Hour-long queues for coronavirus PCR tests prompt government officials to pressure the masses to use rapid antigen tests at home instead, but public health experts warn that 15-minute tests are sometimes prone to false negatives.
Governor Charlie Baker said last week: “In some ways, rapid testing is a more accurate measure of whether someone is actually transmitting COVID than a PCR test is.”
Dr. Davidson Hamer, BU professor of global health and medicine, called the governor’s statement “strong”.
Dr. Todd Ellerin, director of infectious diseases at South Shore Health, said that although there is “some truth” in the governor’s statement, “it is complicated.”
We asked the experts to break down the accuracy of rapid antigen tests at home, PCR tests and determine when one should be used over the other. The answers have been edited a bit for the sake of clarity.
How accurate are fast antigen tests compared to PCR tests?
Your hands: PCR results, which are tested in a laboratory, are much more accurate. However, if you look at the arc of a PCR, it can last much longer and often picks up a previous infection, which may no longer be contagious. When a quick test is positive, it’s probably the point where a person is most contagious. On the other hand, if you are symptomatic and test negative on a rapid antigen test, it does not mean you do not have COVID. You need to be careful and you need to take that test again several times over the course of a few days. Taking quick tests several times over a short period of days increases the likelihood of an accurate result.
Hammer: With the quick tests, if you are positive, then there is a good probability that a person is able to transmit the virus at that time, but PCR is much more sensitive. It can detect earlier but can be positive before a person has enough viral load to transmit and also after a person’s symptoms have disappeared and past the point of infection. However, the rapid may return before the onset of symptoms when a person is still able to transmit, so PCR remains the best possible test right now, despite its limitations.
Are all quick tests created equal?
Your hands: It’s unclear if all rapid antigen tests were created equal, but they all have an emergency use permit from the FDA, so there is a minimum accuracy that they should prove. But keep in mind that these tests were proven before omicron. Ideally, we would like these tests to be validated. Until that happens, there is a high probability that these tests are missing infections. It is also important that people read the instructions carefully.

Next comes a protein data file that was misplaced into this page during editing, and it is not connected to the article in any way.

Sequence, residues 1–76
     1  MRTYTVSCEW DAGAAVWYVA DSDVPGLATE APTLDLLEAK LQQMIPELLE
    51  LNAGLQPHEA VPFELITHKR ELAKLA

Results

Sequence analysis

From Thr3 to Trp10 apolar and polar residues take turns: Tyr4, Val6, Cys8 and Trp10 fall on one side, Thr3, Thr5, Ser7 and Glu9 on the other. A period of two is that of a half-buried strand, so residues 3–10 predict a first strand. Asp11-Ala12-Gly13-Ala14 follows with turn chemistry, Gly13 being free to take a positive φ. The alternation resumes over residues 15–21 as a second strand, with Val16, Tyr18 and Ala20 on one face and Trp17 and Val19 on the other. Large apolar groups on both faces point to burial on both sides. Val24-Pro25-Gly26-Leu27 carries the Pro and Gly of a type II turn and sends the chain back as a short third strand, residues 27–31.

Hammer: A fairly large number have been FDA reviewed and approved under the emergency use permit. They are not all alike, but they are alike in their ability to detect an infection in someone who is symptomatic. A study of about 80 antigen tests at home showed that the accuracy is close to 100% in cases where patients had a high viral load, but it drops quite quickly. This means that patients who are asymptomatic or who have a low amount of virus may still transmit, but their infection may be overlooked by a quick test.
When should I take a rapid coronavirus test versus a PCR test?
Your hands: The good news about the quick test is that you get results back quickly, so if you do not have access to a PCR, you can still get an idea. However, there is concern about unanswered infections, especially when it comes to omicron and what variant comes after it. The best time to use a PCR is when you can get the results back quickly.
Hammer: If someone develops symptoms and they want a response quickly, antigen is the way to go, especially if a PCR test is not available. Antigen tests are more likely to be accurate if you are symptomatic and have had an exposure within the last 2 to 5 days. PCR tests are good for monitoring at the population level as the overall test that takes place in schools where the key is to try to catch infections early. PCRs are really useful if there is a short turnaround time of less than 24 hours and the cost is low.
Do I need to take a quick antigen test before attending events?
Your hands: In an ideal world, yes. But for that to work, people would test couples a few days before and again just before. Unfortunately, there is not enough availability for the rapid antigen tests right now for that to happen.
Hammer: I’m not sure if this can be used as an effective screening tool to go into events. If someone is contagious but has no symptoms, the likelihood of an antigen test finding an infectious is low.
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